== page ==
GDF approved to spend $484M on purchase of 1970s aircraft

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bimjim
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GDF approved to spend $484M on purchase of 1970s aircraft

Unread post by bimjim » Sun May 13, 2018

https://www.kaieteurnewsonline.com/2018 ... -aircraft/

GDF approved to spend $484M [US$2.3 million] on purchase of 1970s aircraft
…Harmon defends decision, says they are like Rolls Royce
May 13, 2018

The Government has secured Parliamentary approval for an additional $484M [US$2.3 million] representing final payment towards the purchase of four fixed-wing aircraft – two Islanders and two Skyvans – for the Guyana Defence Force (GDF).

Faced with numerous questions about the purchase from the People’s Progressive Party (PPP) on Friday, in the National Assembly, Minister of State Joseph Harmon disclosed that the Islanders were first manufactured in 1976 while Skyvans were first manufactured in 1977. Both models are no longer being manufactured.

The Minister disclosed that the Skyvans, which were being used for troop transport and parachuting are being brought from Belgium through Liberty Aviation, an American company that operates from North Carolina. The Islanders, according to Harmon, are being purchased from Brazil who utilized the planes for passenger and cargo services.

“The SkyVans and Islanders are aircraft; people who have them don’t sell them. It’s like having a Rolls-Royce,” Harmon stated to justify the purchase of the aircraft.

PPP Parliamentarian, Clement Rohee, pressed Harmon on the availability of spare parts for the aircraft given that they are out of production.

Harmon pointed out that while they are not being produced; there are many countries around the world that operate these aircraft and therefore spares are not an issue; training is not an issue.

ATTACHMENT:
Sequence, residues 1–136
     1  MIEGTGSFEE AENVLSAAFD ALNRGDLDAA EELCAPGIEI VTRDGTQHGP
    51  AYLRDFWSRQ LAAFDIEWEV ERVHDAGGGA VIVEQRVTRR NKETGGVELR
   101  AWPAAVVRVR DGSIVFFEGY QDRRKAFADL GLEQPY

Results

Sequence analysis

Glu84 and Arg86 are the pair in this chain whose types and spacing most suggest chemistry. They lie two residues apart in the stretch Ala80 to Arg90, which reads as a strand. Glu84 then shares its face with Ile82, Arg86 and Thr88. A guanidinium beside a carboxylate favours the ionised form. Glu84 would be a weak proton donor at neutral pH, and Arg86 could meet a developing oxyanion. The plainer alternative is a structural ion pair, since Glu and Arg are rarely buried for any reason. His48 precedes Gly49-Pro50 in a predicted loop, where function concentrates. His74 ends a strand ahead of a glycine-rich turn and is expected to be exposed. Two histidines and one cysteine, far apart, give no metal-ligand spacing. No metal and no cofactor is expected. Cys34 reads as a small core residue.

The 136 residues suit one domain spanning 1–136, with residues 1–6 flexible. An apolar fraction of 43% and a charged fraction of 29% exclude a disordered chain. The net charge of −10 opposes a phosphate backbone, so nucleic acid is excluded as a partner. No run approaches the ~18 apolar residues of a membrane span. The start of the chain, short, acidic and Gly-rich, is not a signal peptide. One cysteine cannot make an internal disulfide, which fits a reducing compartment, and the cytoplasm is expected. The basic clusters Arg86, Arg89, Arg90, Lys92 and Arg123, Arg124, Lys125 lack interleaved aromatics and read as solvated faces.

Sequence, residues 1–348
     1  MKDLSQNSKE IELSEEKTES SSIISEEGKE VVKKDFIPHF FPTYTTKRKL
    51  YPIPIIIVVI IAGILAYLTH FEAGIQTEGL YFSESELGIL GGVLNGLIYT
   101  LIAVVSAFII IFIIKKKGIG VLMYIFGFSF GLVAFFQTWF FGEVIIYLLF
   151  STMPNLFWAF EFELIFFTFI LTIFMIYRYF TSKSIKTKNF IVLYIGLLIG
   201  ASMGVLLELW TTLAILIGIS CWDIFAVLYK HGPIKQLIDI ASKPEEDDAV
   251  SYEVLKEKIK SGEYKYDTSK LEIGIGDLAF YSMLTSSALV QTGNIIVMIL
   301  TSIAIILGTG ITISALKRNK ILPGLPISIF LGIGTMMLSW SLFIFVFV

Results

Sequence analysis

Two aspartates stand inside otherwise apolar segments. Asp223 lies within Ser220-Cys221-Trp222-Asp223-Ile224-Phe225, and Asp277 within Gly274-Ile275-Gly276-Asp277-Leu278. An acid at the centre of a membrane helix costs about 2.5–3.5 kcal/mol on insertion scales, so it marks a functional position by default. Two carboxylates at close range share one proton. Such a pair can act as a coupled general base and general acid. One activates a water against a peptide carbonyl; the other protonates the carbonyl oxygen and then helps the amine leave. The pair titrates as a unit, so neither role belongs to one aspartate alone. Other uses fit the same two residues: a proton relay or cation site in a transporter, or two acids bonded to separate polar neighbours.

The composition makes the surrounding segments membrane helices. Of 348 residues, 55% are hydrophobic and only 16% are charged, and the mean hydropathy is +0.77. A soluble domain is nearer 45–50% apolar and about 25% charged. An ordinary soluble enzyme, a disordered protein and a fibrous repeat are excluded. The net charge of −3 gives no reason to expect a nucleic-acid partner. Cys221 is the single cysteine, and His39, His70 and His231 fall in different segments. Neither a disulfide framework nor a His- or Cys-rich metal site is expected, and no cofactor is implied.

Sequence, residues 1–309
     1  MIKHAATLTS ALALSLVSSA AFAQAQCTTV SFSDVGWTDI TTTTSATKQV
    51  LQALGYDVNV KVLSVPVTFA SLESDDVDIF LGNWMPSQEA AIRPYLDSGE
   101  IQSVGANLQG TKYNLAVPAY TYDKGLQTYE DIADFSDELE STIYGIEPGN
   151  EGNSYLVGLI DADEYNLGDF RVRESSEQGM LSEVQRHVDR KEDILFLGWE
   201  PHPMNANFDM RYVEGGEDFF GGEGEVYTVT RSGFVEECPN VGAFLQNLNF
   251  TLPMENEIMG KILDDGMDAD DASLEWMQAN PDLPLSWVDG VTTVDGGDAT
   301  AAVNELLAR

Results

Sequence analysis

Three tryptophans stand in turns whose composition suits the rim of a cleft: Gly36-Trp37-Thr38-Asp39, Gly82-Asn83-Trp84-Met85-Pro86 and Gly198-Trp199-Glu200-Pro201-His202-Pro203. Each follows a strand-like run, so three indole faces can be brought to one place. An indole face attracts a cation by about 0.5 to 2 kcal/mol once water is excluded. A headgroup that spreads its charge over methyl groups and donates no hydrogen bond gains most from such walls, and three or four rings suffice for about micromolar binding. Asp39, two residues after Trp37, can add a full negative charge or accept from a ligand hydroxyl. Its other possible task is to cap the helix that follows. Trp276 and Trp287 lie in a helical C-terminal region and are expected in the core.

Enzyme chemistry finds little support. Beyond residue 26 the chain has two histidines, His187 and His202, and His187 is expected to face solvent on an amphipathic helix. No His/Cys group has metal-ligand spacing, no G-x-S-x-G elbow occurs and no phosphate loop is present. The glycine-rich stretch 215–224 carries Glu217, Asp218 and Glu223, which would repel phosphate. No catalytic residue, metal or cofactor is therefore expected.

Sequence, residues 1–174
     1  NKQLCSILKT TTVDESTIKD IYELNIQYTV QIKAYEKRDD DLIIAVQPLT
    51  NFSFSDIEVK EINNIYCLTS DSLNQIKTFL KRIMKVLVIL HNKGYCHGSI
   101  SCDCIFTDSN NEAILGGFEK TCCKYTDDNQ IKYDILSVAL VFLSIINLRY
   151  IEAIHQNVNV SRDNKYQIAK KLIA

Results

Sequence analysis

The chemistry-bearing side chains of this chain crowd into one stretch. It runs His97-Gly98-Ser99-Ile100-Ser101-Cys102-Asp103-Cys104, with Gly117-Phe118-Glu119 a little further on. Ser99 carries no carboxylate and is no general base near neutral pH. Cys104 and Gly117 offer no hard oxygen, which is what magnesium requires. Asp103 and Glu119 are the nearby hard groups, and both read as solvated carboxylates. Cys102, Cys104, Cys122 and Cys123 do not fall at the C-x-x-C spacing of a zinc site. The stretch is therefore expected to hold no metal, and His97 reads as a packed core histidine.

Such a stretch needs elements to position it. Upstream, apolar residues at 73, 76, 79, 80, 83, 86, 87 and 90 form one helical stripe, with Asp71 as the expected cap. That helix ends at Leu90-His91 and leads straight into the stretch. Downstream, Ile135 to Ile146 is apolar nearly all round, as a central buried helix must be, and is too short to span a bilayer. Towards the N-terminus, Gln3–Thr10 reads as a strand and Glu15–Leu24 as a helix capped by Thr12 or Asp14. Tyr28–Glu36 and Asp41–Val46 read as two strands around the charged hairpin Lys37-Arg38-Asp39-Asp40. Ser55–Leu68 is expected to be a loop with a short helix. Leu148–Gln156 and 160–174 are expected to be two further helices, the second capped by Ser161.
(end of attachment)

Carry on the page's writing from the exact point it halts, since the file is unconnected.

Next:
“They are sought after aircraft because of the capability. They allow for short take off and landing. They allow for the use of the type of airstrips, which we have in Guyana; 90% of which are short type of airstrips. Therefore, these two types of aircraft are specifically suited for those circumstances,” Harmon explained.

The Minister stated that there are seven fully trained and certified engineers for the aircraft. Some of the senior engineers have about 25 years of service while the junior one has 12 years. Training, according to Harmon, was done by the original aircraft and engine manufacturers.

He explained that while the aircraft will be assigned to the GDF, other joint services agencies will have access specifically on matters of aerial surveillance. According to Harmon, the decision for the purchase was made at the level of the Defence Board

“They are being purchased with a national plan in mind and not just the GDF so most of our aerial surveillance are done jointly by the police and the army as well as other elements of the state, but certainly these aircraft were purchased with a national character,” Harmon pointed out.

He assured that the aircraft will not be used for commercial purposes and will not compete with private service providers.

An initial payment of $213M was made by the GDF to the companies. Some $73M was budgeted for the military’s transportation-related expenditure. Harmon explained that to fill the gap to the initial payment, monies were diverted from capital projects, which saw government deciding to scale back on buildings and water supply projects.

To cover the full purchase, Government moved to Parliament to secure approval for supplemental expenditure.

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Re: GDF approved to spend $484M on purchase of 1970s aircraf

Unread post by islandflyer » Sun May 20, 2018

I have to say, I am 50/50 on this one.